Jonathan Edwards: A Defensive Analysis           2/3

It was not only because of his mind that Jonathan Edwards is to be admired, but equally for the life he lived. Though the Puritans have customarily been painted as over-pious, more careful examination reveals that much could be learned from them, and that Edwards himself had a zeal for life and Godliness.

Although our mental image of the Puritans is usually not a positive one, research has for some time been revealing that prevailing notions are mistaken. C. S. Lewis described the Puritans as "young, fierce, progressive intellectuals, very fashionable and up-to-date" (qtd. in Ryken 4). Martin Lloyd-Jones has this to say of them: "Visionary and practical, idealistic and realistic too, goal-oriented and methodical, they were great believers, great hopers, great doers, and great sufferers" (22).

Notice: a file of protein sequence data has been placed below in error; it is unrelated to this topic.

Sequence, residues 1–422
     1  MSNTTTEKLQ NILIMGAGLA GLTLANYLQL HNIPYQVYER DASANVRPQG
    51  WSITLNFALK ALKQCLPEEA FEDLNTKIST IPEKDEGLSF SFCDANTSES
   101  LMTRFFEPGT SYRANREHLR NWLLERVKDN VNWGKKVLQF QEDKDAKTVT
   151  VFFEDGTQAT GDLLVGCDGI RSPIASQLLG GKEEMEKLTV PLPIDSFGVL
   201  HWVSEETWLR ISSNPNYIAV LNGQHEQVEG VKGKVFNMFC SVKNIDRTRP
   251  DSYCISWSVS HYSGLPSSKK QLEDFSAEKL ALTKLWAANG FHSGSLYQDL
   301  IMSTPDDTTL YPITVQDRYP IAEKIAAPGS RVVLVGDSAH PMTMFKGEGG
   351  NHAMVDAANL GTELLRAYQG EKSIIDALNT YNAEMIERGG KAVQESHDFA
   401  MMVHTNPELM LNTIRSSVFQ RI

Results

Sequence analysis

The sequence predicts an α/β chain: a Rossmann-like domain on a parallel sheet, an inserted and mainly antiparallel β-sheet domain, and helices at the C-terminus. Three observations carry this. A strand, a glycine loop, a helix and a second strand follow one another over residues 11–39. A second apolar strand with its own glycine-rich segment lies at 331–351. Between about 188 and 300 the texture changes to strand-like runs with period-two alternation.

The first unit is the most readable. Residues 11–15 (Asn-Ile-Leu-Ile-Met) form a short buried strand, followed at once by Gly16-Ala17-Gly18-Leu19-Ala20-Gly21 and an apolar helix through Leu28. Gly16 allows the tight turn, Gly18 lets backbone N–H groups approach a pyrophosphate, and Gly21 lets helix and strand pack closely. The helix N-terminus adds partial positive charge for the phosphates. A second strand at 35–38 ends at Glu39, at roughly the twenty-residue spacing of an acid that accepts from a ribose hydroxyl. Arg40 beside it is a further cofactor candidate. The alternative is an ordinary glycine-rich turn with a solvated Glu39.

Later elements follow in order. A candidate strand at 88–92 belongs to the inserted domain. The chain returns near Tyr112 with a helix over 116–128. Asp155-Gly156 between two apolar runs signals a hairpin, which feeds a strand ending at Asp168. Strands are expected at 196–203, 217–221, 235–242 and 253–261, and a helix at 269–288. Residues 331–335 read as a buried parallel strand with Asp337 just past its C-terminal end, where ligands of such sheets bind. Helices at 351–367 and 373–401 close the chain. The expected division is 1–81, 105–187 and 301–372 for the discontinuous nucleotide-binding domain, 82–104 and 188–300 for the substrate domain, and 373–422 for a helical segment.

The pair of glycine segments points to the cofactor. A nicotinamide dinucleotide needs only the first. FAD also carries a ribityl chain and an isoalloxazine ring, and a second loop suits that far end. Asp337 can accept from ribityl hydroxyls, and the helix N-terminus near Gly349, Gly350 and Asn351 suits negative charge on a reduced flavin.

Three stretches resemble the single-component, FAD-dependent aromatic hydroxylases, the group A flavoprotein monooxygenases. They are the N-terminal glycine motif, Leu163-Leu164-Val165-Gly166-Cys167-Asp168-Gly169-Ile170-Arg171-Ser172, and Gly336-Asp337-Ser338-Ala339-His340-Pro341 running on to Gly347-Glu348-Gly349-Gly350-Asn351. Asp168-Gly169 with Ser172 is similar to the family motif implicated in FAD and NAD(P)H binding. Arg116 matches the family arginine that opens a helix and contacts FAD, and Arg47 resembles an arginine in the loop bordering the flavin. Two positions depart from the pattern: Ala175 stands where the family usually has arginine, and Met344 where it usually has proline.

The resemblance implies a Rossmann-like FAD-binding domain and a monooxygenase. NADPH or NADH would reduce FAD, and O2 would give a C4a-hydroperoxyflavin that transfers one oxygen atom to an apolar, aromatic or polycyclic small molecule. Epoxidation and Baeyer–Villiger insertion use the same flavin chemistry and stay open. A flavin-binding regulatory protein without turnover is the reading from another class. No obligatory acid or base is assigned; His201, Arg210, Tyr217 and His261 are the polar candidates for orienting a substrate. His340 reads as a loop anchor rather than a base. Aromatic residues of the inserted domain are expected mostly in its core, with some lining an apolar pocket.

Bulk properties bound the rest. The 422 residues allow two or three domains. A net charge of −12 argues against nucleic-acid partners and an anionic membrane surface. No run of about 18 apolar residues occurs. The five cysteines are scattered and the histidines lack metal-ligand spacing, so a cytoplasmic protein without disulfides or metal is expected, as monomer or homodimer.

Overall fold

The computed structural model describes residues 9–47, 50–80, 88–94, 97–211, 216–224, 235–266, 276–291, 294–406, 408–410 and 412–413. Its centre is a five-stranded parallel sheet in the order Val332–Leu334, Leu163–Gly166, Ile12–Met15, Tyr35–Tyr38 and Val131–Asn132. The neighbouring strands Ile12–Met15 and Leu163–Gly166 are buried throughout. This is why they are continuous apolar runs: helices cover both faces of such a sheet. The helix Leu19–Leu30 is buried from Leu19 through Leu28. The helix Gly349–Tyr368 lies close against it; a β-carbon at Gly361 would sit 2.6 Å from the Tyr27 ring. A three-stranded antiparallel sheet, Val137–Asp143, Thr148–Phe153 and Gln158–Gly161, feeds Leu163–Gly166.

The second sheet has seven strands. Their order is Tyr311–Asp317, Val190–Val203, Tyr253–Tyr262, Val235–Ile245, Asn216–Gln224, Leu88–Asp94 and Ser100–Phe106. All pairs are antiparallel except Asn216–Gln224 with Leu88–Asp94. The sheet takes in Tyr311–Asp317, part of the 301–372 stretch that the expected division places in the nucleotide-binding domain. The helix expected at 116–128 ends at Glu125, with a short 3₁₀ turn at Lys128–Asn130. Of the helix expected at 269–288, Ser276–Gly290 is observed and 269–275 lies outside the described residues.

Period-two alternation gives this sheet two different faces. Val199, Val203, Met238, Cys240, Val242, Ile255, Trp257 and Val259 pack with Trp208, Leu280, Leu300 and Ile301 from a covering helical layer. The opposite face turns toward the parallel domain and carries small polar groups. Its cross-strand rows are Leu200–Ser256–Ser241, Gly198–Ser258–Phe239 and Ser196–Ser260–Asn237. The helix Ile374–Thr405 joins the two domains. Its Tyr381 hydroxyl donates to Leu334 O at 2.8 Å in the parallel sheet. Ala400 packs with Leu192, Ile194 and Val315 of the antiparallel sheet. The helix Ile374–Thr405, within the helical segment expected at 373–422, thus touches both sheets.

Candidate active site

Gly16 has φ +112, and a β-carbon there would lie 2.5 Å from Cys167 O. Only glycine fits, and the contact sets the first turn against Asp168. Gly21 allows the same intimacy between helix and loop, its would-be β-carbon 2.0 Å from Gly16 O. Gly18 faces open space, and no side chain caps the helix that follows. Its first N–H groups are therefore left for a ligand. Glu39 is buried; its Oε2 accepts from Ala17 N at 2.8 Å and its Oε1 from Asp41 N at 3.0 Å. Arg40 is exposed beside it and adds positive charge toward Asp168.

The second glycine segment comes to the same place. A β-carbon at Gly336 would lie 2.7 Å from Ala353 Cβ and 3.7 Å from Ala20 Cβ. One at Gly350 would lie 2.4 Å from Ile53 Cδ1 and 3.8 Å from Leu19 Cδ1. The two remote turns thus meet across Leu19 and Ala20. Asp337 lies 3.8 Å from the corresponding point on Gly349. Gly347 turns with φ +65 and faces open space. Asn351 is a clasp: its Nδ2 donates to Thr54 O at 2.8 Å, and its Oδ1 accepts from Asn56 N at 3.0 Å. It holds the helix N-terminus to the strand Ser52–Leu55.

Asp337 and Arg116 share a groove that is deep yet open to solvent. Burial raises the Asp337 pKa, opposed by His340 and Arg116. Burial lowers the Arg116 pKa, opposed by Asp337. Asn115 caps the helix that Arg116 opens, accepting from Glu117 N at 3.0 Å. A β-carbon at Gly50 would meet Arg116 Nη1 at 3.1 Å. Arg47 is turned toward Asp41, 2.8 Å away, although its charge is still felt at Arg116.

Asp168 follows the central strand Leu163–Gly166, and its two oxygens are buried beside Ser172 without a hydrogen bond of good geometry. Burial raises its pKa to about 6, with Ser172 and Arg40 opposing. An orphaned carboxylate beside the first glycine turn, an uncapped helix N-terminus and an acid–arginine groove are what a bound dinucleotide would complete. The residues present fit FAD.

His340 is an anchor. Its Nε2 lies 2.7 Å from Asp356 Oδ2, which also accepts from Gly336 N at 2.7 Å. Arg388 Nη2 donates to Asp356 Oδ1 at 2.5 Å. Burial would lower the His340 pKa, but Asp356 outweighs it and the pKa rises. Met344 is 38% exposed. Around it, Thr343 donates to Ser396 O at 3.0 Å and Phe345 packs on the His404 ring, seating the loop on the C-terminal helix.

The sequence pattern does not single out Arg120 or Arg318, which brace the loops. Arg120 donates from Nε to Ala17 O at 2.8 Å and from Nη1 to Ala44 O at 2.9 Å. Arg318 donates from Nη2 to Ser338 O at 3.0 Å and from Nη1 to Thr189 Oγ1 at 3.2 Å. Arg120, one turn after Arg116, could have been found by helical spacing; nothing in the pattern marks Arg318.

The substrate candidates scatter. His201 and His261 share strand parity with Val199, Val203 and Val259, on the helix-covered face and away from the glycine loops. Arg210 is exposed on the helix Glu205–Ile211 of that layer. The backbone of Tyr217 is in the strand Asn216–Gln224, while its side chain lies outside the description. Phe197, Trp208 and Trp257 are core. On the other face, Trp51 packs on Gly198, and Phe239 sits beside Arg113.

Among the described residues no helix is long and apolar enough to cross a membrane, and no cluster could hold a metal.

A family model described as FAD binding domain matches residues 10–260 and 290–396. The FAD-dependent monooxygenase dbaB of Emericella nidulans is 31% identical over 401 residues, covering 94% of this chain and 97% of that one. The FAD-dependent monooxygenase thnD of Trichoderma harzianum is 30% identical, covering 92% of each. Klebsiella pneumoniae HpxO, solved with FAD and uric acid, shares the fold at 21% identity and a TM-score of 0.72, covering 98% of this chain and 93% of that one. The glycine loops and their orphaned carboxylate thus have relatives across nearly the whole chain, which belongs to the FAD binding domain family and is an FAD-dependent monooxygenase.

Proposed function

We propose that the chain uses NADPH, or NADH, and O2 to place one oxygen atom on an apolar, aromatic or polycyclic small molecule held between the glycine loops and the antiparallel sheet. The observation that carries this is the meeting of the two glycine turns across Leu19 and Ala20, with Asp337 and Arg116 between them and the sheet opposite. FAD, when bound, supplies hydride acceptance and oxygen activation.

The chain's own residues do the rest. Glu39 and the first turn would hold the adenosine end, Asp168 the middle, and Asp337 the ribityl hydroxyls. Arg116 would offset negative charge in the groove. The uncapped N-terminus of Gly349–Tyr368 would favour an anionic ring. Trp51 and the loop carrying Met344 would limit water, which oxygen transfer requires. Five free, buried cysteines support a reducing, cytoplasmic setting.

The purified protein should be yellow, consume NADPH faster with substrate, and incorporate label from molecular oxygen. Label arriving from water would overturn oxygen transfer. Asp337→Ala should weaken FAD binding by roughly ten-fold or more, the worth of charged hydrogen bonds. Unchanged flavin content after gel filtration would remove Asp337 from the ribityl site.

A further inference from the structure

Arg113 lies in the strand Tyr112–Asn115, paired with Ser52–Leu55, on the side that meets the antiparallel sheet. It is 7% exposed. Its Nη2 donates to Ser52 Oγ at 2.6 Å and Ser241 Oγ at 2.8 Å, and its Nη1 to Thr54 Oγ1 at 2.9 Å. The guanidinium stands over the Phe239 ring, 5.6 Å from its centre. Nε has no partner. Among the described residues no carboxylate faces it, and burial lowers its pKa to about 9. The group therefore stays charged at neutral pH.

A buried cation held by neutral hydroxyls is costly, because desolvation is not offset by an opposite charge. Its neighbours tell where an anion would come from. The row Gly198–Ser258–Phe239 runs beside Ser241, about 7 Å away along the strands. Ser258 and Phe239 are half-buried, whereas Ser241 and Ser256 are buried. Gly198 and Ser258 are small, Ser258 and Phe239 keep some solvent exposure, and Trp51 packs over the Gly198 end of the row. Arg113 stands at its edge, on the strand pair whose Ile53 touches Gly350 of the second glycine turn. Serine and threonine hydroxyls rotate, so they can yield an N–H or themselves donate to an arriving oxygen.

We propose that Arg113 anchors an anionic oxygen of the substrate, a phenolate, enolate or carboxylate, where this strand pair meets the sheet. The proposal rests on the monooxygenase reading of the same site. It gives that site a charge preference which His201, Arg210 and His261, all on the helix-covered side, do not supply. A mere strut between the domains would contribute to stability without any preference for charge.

Probably one of the main sources of contemporary bias towards the Puritans comes from the well-known classic The Scarlet Letter, by Nathaniel Hawthorne, who paints them as the smug moralists we envision. Yet Leland Ryken, professor of English at Wheaton college, defends them against the novel, saying, "The Scarlet Letter is not a historically accurate picture of the Puritans...Furthermore, Hawthorne used the Puritans in his story for satiric purposes, and it is a convention of satire to exaggerate the negative features of the thing being attacked" (189; italics not mine).

Edwards himself reveals this same excellence of life, exhibited in great tenderness, godliness, and zeal for life. Gerstner remarked, "If you ever study the man's life, there seems to be an incredible symmetry between this penetrating, powerful, prodigious, genius of a brain, with a heart that is equally aflame and in perfect harmony."